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Early approach and avoidance tendencies can be goal-directed: Support from a transcranial magnetic stimulation study.
Journal Contribution - Journal Article
Dual-process models with a default-interventionist architecture explain early emotional action tendencies by a stimulus-driven process, and they allow goal-directed processes to intervene only in a later stage. An alternative dual-process model with a parallel-competitive architecture developed by Moors, Boddez, and De Houwer (Emotion Review, 9(4), 310-318, 2017), in contrast, explains early emotional action tendencies by a goal-directed process. This model proposes that stimulus-driven and goal-directed processes often operate in parallel and compete with each other, and that if they do compete, the goal-directed process often wins the competition. To examine these predictions, we set up a goal-directed process in an experimental group by rewarding participants for avoiding positive stimuli and for approaching negative stimuli and punishing them for the opposite behavior. We expected this process to compete with a potentially preexisting stimulus-driven process in which positive stimuli are associated with approach and negative stimuli with avoidance. We compared the elicited action tendencies of participants in this group with a control group in which only the stimulus-driven process could operate. Early approach and avoidance tendencies were assessed via motor evoked potentials (MEP) measured in the finger muscles previously trained to approach or to avoid stimuli after single-pulse transcranial magnetic stimulation (TMS) delivered at 400 ms. Results confirmed that positive/negative stimuli led to stronger avoidance/approach tendencies in the experimental group but not to approach/avoidance tendencies in the control group. This suggests that goal-directed processes are indeed able to determine relatively early emotional action tendencies, but it does not show that goal-directed process can defeat stimulus-driven processes.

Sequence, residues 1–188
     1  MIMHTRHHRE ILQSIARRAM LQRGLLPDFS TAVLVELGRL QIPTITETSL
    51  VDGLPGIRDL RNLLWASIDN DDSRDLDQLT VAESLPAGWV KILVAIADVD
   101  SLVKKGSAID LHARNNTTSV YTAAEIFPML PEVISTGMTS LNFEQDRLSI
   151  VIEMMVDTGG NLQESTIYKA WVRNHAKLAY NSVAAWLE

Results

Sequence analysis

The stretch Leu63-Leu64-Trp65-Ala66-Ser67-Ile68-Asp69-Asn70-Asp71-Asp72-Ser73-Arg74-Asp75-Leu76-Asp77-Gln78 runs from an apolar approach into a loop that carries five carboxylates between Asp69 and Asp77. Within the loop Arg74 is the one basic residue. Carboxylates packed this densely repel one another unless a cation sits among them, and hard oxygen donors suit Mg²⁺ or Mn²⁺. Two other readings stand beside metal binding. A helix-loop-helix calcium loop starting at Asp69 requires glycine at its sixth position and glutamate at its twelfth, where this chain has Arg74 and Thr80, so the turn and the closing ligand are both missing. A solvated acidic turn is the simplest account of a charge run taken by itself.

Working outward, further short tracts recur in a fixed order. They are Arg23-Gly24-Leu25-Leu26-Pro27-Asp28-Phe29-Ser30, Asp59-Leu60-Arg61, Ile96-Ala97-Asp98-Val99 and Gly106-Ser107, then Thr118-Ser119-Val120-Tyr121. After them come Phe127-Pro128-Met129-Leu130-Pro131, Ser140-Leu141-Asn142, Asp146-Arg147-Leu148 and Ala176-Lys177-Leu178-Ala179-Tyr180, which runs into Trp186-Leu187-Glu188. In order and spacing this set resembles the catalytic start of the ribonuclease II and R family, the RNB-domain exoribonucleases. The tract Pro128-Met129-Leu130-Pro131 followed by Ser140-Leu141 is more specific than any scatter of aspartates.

Journal: Cognitive, Affective & Behavioral Neuroscience
Pages: 648 - 657